But now our tools and weapons have become too powerful. We humans can extinguish ourselves, as well as most other life on Earth, by war or, with global warming and/or pollution, by negligence.

Kubrick and his audience were aware of the risks of war when the movie came out in 1968. Just six years earlier, our species had survived the Cuban Missile Crisis of October 1962. It had come within minutes of extinguishing itself, and perhaps all life on Earth, with a nuclear Holocaust.

We stepped back from the brink only by virtue of the extraordinary cool judgment of three men: (1) our then president, JFK, (2) the then General Secretary of the Soviet Union, Nikita Sergeyevitch Khrushchev, and (3) an obscure Soviet submarine flotilla commander named Vasiliy Aleksandrovich Arkhipov. (The latter refused, under horrendous conditions, to fire his submarines’ nuclear torpedoes.) The story of how these men saved us all from our species’ warlike instincts is one that every child should know.

One month before that crisis, JFK had made his famous speech at Rice University, committing us Americans to a “space race” with the Soviets. Pointing to the sky, he had promised to put an American on the Moon within a decade.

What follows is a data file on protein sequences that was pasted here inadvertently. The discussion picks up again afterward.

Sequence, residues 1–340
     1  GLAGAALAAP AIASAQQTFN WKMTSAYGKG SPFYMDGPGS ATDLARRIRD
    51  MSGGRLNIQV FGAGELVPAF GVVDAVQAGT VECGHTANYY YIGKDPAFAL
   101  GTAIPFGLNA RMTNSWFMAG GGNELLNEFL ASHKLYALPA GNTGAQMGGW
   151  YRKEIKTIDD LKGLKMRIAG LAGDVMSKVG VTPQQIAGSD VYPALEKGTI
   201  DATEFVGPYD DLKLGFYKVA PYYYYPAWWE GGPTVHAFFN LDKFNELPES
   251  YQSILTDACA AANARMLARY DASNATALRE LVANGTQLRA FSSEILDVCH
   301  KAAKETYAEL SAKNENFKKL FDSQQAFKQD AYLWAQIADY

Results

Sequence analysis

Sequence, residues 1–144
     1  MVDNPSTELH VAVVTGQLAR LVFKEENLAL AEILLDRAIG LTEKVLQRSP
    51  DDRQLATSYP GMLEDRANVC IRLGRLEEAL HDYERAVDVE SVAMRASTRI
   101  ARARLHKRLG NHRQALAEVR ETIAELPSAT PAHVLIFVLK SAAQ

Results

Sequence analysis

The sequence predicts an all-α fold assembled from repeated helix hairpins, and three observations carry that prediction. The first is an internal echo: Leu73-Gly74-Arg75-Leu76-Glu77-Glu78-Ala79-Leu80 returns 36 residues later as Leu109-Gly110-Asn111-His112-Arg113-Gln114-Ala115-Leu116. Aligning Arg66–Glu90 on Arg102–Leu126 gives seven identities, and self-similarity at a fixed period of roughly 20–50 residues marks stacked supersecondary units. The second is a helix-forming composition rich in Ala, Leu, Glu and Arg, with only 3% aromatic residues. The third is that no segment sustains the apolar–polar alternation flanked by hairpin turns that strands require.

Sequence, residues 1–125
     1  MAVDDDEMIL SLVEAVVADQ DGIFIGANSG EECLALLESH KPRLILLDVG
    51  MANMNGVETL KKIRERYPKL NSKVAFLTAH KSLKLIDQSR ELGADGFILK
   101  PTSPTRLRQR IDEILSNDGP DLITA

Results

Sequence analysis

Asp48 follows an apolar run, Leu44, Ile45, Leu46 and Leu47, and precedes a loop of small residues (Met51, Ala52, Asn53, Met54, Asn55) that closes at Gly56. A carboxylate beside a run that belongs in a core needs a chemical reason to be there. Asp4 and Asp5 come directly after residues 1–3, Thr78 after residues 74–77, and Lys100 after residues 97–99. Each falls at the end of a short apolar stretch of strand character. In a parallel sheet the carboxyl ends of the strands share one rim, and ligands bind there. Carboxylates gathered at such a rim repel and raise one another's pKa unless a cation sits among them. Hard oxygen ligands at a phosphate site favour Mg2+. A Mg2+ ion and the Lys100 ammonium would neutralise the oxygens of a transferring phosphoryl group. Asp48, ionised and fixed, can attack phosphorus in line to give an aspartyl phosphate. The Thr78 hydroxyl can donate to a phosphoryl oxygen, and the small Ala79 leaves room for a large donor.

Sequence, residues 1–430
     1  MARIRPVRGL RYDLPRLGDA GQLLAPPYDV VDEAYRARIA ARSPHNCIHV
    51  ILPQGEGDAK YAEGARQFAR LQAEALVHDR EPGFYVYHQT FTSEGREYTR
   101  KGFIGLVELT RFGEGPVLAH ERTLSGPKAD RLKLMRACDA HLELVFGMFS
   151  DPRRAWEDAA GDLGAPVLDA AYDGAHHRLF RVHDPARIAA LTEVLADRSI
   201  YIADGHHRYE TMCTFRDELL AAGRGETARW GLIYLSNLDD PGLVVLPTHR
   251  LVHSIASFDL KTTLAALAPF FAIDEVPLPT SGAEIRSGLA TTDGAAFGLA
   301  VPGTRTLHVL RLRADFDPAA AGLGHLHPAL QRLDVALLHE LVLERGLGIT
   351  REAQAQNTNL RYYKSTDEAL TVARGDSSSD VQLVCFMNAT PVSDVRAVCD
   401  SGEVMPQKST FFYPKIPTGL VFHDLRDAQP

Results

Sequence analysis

The motivation for JFK’s promise was obvious to all who listened in that tense time. Space travel requires much the same technology as intercontinental ballistic missiles. So JFK was telling the Soviets not to mess with us.

JFK’s promise was the modern equivalent of Kubrick’s apes jumping, screeching and baring their teeth. After fulfilling it, we Americans abandoned the Moon for over half a century. Only now are we thinking of re-visiting it, as competition with China heats up.

Unfortunately, JFK’s Moon-race threat didn’t work. Or perhaps it worked too well, scaring the Soviets into moving their intermediate-range nuclear missiles into Cuba, then their client state. That move precipitated the Cuban Missile Crisis and led to our close brush with species’ self-extinction.